Specialty Retail 2016 Hall of Fame
Outstanding Specialty Leasing Manager of the Year
Senior Specialty Leasing Representative Simon Property Group, Inc.
Luis Cristobal leads specialty leasing at one of the nation’s premier malls. We find out the secrets to his success.
Luis Cristobal has logged twenty years in the specialty retail industry and has watched its evolution from the leasing side of things.
The Specialty Leasing Representative at Dadeland Mall in Town Center, Boca Raton, says that the industry has changed in terms of just how many national players are now seeing the value in specialty retail. “One had a larger pool of independents and mom-and-pops years ago and that might still hold true in a lot of markets out there, but in the higher- end metropolitan markets, what you’re noticing now is that more nationals or regional players are understanding that there’s value in the common area. Specialty retail is a viable channel for a lot of brands out there.”
Cristobal says he is fortunate to work in a high-profile center such as Dadeland, which also attracts a healthy number of tourists. He emphasizes that the key to success in specialty retail leasing is to make sure you have the co-tenancy right. “There always has to be a balance with the co-tenancy and the product mix throughout the center. As a shopper you want diversity, you want to have a balance,” Cristobal says, “If I’m seeing too many of the same uses out there, then there’s no differentiation between you and your competitor.”
How does he create these perfect co-tenancies? “I definitely look for voids in the market. I try to get together with the marketing directors and the general managers and find out what’s best and what’s needed,” he says. An example: a kiosk that sells wine or a distributor of Greek foods selling olive oils, cheese and crackers.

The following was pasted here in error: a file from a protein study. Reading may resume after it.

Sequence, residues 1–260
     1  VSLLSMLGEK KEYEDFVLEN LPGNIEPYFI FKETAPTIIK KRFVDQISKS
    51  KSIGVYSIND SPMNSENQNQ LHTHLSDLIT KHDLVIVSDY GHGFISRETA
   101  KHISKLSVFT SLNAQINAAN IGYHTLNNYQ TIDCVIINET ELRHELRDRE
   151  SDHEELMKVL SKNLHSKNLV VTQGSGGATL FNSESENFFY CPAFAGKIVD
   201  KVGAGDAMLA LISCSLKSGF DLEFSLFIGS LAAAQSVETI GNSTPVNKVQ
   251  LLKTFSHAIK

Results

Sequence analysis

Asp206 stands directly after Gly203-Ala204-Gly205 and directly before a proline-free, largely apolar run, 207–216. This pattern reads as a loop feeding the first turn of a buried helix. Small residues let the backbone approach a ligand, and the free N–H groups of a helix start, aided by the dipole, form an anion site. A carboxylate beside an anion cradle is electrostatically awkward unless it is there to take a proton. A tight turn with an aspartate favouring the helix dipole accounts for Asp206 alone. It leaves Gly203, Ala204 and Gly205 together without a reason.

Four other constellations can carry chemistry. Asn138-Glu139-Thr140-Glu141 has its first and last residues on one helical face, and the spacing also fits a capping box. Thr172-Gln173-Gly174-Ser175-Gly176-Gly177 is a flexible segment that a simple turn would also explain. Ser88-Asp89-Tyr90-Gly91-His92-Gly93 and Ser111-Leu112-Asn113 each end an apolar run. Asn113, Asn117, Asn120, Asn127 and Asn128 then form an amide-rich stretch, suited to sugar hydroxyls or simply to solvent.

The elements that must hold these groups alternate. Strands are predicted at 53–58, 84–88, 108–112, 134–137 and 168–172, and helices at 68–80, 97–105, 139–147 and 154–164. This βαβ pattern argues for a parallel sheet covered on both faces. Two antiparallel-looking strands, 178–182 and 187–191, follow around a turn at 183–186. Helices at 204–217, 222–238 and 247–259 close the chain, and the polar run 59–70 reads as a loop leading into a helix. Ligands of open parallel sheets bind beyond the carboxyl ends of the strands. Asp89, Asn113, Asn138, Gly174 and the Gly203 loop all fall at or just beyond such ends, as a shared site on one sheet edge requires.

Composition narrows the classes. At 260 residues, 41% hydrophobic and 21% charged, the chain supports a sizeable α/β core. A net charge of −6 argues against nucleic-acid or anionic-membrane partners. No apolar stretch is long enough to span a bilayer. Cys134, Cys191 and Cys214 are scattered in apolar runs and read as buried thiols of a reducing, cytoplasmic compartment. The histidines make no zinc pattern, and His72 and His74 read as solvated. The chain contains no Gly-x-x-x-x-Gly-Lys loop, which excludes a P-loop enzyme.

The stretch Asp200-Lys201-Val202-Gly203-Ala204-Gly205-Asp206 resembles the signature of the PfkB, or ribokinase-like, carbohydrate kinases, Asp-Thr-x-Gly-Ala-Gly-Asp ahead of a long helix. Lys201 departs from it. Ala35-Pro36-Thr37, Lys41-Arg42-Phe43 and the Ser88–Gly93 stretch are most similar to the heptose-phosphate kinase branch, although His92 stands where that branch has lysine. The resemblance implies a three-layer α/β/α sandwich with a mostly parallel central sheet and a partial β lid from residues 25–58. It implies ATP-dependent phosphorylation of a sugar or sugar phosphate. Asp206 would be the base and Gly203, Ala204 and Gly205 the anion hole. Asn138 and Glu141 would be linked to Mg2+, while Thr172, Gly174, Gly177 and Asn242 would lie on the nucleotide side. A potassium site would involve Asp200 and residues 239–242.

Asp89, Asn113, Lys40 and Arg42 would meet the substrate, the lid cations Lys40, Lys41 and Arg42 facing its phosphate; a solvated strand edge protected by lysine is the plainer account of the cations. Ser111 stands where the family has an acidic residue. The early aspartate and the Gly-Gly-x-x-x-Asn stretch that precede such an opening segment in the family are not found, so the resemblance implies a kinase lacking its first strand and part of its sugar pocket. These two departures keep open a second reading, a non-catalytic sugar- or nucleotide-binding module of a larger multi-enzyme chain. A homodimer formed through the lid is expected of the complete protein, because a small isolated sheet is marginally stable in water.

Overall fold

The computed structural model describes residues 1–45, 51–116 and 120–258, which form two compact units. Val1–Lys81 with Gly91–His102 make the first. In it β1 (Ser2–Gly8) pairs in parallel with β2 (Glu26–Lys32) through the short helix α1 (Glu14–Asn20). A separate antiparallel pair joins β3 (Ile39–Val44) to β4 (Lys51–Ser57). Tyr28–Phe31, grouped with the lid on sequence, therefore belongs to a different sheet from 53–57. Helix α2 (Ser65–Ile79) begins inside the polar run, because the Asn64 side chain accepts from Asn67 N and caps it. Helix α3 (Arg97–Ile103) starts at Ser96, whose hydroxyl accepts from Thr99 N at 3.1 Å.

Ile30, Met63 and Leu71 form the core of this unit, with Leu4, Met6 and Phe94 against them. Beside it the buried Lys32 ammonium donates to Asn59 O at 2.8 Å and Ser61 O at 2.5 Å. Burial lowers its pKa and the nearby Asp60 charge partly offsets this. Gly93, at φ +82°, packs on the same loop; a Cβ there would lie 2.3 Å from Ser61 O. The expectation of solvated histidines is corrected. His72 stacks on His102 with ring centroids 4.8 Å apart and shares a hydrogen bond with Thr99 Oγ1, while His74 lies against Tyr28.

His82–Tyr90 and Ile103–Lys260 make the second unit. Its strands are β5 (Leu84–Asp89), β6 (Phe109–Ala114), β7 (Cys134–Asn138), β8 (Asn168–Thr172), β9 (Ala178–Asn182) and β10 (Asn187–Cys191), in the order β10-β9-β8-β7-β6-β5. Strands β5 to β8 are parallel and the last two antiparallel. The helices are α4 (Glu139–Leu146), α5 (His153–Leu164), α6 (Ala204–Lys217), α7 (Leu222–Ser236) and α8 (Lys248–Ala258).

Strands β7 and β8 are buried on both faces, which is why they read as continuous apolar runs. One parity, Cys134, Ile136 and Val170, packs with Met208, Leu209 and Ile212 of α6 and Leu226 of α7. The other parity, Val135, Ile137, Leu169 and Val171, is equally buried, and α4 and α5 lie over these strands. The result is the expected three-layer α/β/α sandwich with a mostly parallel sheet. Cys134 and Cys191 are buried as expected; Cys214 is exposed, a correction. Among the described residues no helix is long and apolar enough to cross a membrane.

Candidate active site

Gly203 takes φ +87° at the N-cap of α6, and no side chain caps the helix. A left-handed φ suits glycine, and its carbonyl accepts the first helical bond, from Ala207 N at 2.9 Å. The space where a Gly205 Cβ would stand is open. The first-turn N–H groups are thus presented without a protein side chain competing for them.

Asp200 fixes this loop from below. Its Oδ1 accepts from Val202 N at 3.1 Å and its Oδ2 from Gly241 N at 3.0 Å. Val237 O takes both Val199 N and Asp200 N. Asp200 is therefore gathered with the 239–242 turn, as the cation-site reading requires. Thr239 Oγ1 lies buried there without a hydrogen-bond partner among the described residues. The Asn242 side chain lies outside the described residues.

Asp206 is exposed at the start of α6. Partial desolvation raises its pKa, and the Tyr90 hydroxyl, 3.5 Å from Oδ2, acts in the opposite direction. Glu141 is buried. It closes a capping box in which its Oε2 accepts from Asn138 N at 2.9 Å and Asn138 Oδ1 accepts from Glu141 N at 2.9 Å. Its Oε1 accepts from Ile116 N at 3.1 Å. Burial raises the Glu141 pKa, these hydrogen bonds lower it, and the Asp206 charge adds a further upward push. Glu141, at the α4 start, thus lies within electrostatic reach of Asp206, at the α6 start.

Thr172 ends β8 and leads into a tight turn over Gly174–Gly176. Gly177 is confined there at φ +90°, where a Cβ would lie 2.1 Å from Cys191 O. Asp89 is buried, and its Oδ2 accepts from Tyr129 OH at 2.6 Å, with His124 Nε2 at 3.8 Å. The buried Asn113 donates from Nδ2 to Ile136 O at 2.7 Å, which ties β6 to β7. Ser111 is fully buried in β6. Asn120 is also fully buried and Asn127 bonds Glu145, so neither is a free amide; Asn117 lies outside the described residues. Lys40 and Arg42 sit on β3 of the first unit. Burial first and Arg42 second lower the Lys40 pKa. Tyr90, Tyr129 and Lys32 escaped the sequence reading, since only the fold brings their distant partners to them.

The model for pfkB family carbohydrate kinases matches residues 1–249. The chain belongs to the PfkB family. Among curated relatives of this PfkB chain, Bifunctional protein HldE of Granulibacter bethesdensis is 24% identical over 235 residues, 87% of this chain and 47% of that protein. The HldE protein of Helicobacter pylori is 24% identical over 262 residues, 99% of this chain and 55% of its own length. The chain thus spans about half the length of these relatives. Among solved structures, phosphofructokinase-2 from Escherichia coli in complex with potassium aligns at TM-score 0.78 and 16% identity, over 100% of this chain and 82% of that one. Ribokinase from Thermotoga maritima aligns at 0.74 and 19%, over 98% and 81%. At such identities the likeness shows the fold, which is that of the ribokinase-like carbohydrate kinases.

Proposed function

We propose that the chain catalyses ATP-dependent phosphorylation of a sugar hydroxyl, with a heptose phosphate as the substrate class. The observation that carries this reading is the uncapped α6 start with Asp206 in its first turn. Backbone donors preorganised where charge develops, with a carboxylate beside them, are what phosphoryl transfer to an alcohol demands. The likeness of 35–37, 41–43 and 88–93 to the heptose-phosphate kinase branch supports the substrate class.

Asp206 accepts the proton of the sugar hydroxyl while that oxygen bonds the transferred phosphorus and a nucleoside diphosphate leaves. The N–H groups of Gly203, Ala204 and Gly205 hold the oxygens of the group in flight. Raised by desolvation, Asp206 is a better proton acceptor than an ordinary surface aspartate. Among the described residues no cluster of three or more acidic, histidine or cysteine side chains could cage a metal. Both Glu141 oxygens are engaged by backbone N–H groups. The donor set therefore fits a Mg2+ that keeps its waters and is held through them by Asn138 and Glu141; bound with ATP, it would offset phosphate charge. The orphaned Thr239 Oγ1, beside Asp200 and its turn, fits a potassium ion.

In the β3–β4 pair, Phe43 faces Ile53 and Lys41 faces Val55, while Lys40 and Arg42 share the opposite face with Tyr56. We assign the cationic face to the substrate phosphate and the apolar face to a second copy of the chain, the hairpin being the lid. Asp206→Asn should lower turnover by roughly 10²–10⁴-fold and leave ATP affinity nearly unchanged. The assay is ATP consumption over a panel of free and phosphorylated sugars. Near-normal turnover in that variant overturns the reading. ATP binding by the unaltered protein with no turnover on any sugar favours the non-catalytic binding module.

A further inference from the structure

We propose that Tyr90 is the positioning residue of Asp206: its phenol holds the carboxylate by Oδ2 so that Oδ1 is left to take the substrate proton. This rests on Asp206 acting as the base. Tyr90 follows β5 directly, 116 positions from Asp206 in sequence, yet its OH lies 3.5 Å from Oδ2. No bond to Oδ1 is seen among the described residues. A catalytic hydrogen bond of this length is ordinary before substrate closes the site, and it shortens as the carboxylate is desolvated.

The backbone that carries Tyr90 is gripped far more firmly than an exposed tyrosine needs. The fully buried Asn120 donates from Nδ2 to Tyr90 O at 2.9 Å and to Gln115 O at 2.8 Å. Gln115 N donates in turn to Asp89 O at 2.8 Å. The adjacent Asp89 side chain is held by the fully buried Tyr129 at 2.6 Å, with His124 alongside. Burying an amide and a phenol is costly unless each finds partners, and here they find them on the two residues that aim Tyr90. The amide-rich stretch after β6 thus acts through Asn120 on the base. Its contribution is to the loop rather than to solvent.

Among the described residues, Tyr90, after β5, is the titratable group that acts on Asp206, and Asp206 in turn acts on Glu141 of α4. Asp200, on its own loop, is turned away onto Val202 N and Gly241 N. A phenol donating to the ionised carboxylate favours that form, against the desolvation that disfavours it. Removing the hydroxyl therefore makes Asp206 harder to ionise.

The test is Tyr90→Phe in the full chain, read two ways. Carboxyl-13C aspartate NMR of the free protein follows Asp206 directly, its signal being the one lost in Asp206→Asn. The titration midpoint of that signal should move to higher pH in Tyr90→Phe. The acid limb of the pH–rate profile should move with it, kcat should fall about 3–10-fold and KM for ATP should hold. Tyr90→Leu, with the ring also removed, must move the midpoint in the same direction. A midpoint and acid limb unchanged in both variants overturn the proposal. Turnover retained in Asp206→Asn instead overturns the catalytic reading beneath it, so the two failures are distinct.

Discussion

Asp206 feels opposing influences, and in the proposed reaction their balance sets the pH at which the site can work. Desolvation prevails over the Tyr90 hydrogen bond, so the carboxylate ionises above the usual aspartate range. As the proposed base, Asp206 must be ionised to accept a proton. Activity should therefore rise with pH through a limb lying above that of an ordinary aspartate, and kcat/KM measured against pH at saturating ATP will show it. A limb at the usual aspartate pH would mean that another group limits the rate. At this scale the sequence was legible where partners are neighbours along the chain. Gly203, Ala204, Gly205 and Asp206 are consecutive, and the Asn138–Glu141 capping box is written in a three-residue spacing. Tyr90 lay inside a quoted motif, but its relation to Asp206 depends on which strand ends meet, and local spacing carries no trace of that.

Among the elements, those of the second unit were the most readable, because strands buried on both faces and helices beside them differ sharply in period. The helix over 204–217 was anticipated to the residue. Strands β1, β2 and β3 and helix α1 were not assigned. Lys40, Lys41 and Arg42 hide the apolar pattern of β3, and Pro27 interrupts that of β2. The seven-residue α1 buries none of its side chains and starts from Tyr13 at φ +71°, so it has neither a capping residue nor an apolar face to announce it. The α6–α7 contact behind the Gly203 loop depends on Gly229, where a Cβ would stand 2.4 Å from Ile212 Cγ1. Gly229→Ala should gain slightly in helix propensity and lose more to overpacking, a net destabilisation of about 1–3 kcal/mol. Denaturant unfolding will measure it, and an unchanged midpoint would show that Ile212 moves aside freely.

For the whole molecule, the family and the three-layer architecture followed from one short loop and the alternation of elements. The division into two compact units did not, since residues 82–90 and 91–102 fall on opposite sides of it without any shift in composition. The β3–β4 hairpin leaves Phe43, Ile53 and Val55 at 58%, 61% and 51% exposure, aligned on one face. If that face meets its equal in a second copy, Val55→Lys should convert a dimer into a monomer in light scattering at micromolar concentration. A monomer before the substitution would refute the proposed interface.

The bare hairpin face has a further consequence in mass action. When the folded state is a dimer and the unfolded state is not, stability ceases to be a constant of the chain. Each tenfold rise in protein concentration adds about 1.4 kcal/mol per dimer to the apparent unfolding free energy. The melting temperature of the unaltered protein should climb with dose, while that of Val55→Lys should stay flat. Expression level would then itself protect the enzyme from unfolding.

Look around the mall, Cristobal advises incoming specialty retailers. If you’re selling purses for example, you want to be located close to a women’s clothing store to create the perfect co-tenancy.
Definition of success
Success in specialty retail might come from an independent operator realizing the American dream or from national retailers developing their stories for the common area so they can test drive a new concept.
Cristobal advises specialty retailers to take a deep breath and truly evaluate the viability of their business concept before they dive in. “There are times when specialty retailers will not know much about the product, much about the mall, even the market for that matter,” he says, “Do your due diligence, learn as much as you can.” Also, don’t get disheartened if the timing’s not right, he says. “Even though they want to go ahead and do the deal, we might not have the right co-tenancy for that concept that makes sense, so don’t rush, it’s always a good idea to wait things out,” Cristobal says.
Cristobal’s successes in specialty retail have not been without challenges and the biggest one, he says, is to stay ahead of new developments and keep oneself informed and educated. “Being able to adapt and change with markets, trends, different malls that you’re in, that’s key. There’s no one hidden formula,” he says, adding that working with the “phenomenal talent” at Simon has been a gift. “They’re probably the elite group in the whole industry and I have been able to fall back on them and ask my colleagues for advice, that’s helped me.”
In the higher-end malls, everyone is elevating their standards, their brands, their uses, Cristobal points out, adding that in the future there’s a strong possibility of the common area essentially being an extension of the department stores. “In middle-tier malls, I think you’ll see more pop-up concepts, more independents trying the idea with unique products.”
And Cristobal’s clear-eyed vision of what it takes to make specialty retail work guarantees him a ringside seat through all of these changes in the near future and beyond.